In the context of Zhuangzian philosophy further clarification of the idea and experience of cosmo-centrism seems necessary in as much as it casts us into the middle of his disagreements with his friend, the Logician Huizi.

Huizi believed that he had logically (albeit, paradoxically) demonstrated the oneness of things: “Love all things without exception, for heaven and earth are one body.” (33; p 124) Zhuangzi took Huizi to task, not for this conclusion as is often averred, but because it went no further than intellectual assent. Zhuangzi suggested a mystical leap as the necessary next step. Huizi preferred to dwell solely in the world of intellection and for this reason called Zhuangzi’s philosophy “big and useless”.

When, after presenting some of his own paradoxes, Zhuangzi exclaims, “Heaven and earth are born together with me, and the ten thousand things and I are one” (2:32), he means it. (Many scholars take this as an ironic dig at Huizi, but I believe they are mistaken.) He means it, not in a literal (logically proven) sense, but in an experiential sense. He probably just experienced it.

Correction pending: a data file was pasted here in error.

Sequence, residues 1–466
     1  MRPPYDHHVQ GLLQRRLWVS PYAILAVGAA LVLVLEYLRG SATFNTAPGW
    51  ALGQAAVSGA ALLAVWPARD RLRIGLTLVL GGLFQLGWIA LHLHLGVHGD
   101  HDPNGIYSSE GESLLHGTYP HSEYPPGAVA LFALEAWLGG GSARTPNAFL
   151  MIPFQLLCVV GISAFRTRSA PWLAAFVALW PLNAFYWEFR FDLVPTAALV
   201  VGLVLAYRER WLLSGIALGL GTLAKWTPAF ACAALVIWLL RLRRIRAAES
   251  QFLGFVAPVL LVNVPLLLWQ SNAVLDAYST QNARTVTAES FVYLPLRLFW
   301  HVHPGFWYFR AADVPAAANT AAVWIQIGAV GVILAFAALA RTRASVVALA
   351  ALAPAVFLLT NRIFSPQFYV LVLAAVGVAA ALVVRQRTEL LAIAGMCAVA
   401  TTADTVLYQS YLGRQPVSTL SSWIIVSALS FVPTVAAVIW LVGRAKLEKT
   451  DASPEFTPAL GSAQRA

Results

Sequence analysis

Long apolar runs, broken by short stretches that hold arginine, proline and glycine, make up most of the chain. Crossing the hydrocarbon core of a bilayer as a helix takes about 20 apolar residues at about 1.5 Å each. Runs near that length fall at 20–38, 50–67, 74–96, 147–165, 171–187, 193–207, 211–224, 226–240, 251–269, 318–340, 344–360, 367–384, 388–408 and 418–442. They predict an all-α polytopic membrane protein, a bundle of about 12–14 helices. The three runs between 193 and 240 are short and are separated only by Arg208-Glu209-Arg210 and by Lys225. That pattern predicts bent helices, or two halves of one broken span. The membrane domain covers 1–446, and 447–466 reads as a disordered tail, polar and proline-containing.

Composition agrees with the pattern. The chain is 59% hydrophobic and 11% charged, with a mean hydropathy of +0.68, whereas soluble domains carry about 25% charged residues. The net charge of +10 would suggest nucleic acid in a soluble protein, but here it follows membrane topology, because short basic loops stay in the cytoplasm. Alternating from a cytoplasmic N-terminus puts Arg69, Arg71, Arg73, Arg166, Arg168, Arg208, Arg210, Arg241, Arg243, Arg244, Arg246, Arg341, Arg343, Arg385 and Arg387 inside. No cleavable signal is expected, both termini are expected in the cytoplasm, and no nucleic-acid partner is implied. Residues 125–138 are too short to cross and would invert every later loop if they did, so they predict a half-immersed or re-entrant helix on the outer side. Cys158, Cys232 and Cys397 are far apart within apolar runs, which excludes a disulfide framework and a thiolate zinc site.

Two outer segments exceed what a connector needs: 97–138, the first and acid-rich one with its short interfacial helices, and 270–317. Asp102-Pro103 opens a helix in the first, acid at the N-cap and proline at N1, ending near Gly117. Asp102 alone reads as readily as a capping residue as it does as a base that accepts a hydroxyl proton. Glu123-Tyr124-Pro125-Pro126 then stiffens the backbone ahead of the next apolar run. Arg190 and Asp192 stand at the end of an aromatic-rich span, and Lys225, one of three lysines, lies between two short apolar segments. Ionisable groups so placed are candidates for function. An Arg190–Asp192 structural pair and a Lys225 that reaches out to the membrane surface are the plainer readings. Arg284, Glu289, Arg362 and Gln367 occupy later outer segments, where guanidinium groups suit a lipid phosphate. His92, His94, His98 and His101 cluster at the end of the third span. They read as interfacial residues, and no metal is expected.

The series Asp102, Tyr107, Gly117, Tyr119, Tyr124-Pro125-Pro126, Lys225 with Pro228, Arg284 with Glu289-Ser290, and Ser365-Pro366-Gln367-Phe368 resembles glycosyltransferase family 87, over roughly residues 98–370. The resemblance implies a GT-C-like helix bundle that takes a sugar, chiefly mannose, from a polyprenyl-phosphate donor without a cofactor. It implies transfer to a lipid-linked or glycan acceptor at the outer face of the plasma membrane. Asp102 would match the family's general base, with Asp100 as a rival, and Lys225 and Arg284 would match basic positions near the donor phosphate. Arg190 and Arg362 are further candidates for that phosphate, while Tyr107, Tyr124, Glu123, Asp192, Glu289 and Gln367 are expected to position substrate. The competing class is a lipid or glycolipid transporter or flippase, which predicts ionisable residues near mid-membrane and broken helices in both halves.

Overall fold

Such an experience, at least as a temporary ecstatic moment, is not difficult to realize. All one needs to do is imaginatively engage with Zhuangzi’s own paradoxes and take the leap they invite: “Nothing in the world is larger than the tip of a hair in autumn, and Mt. Tai is small. No one lives longer than a dead child, and old Pengzu died young.” Alternatively, one can simply meditatively imagine the equalization of all things.

Though such a “buzz” is admittedly superficial, still it provides an inkling of the possibility of a deeper, more organic experience. Our cosmo-centrism, our identification with the Totality, will necessarily be and likely remain a work in progress. Our practical engagement vis-à-vis the environment will follow apace. Our continued flourishing as a species will likely depend on it.

Leave a Reply

Your email address will not be published. Required fields are marked *